Even in my senior years, I remember it like it was yesterday. Actually, it was 1955, and I had completed my training and graduated from the FBI Academy in Quantico, Va. We got our first office assignments and, as a new Special Agent, I was headed for Atlanta, Ga.
I had been living in Virginia, several miles outside the nation's capital. Summers there were hot and humid; winters were cold and often snowy. Atlanta sounded like a nice place to begin a new career, and I looked forward to it.
I had heard that Atlanta was the largest city in the South and that it had been destroyed in the Civil War and was rebuilt. It was striving for a reputation as an international city. It was home to the Coca-Cola Company and CNN. The Centers for Disease Control and Prevention were also located there. Someone told me the weather in Atlanta was sunny and mostly clear and winters were mild! This was comforting to know since I was about to uproot my family and find a new life down South.
Home of sports teams and full of affluent suburbs, Atlanta seemed homey enough except for its terrific traffic problems. Maybe it wasn't all that bad because, after all, it was home to author Margaret Mitchell and to Martin Luther King Jr. It was surely an interesting and friendly place, I was told.
After a career that carried me to Atlanta, Charlotte, Washington, D.C., and back to Atlanta, I retired after 23 years in the FBI. My family and I would probably never have thought about residing in Atlanta if we had not been sent here and spent so many years living here. What we found here among people considered friendly and salt-of-the-earth were Southern hospitality, warmth and good neighbors. Nice climate, too.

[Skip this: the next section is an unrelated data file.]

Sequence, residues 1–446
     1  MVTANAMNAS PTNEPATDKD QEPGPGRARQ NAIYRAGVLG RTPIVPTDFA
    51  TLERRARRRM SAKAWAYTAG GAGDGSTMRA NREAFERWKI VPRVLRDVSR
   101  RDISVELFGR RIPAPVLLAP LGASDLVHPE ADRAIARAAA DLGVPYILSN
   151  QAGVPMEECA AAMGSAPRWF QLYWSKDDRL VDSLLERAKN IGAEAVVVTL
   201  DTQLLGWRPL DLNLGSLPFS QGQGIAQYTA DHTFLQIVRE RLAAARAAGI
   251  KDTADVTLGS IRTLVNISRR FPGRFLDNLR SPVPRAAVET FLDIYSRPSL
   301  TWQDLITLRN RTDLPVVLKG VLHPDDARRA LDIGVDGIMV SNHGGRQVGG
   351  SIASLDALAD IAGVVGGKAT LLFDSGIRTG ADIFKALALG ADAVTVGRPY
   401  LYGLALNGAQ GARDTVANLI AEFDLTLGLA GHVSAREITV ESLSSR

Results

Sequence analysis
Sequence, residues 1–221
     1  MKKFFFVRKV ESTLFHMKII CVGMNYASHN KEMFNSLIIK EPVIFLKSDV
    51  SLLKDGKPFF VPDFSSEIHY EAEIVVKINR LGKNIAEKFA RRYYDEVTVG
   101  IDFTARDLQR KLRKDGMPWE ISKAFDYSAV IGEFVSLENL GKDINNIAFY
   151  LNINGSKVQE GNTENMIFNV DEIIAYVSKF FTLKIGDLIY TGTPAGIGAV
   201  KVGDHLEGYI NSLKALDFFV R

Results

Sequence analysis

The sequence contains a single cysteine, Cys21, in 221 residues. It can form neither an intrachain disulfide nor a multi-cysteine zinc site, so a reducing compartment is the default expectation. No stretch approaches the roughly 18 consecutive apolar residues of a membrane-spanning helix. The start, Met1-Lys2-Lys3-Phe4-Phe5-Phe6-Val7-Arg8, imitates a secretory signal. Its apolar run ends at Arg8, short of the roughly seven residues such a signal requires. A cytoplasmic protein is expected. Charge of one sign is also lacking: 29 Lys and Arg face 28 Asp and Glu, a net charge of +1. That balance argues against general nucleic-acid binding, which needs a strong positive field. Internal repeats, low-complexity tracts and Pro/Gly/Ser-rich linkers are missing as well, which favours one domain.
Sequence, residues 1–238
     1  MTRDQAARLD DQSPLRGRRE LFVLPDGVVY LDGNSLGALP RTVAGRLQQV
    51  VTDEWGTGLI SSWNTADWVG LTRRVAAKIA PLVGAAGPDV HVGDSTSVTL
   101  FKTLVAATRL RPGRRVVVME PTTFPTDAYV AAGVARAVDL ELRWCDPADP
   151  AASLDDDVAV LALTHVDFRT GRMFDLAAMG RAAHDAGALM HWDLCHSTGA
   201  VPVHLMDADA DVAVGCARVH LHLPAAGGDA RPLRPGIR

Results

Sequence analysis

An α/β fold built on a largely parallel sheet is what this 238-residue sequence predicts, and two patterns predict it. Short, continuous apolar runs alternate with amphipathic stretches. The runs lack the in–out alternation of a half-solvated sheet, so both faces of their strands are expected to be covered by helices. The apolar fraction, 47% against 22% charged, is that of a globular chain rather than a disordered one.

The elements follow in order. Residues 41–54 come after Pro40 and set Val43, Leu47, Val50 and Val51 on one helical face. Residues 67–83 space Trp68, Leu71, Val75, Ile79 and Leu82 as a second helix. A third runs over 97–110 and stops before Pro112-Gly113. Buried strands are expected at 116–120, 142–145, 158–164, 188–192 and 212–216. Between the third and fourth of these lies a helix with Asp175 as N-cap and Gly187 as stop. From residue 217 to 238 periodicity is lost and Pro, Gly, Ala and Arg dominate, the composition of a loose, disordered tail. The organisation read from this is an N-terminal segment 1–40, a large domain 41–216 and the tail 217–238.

After so many years of being southernized, we can no longer brag about being damned Yankees -- and maybe we no longer care for the title! We have eaten a heap of grits, said lots of "y'alls," and absorbed large amounts of Southern culture.
And, yes, the weather has indeed been a plus. Of course, we have had some snow reminding us of living in Virginia and Pennsylvania. However, compared to winters up North, the ones down here were mild, allowing for a great deal of outdoor activity.
Other positive things about living in this area are the wide-open spaces, the parks, forests, mountains, the beautiful streams and cultural events. We have made a lot of friends through the years and many are still available to help us enjoy our retirement in the area.
Yes, here in Rockdale County, we have found a little oasis on a quiet, somewhat secluded piece of land that offers a degree of isolation and a place of departure from the hustle and bustle of a growing international city with its heavy traffic, busy airport and increasing diversity. Here it is still possible on occasion to sit on the patio out back and see deer, wild turkeys, raccoons, opossum, squirrels, rabbits, coyotes and lots of hummingbirds. It doesn't take much to make the members of this family happy, y'all!
Jack Simpson is a former educator, veteran, author and law enforcement officer. His column appears every Friday.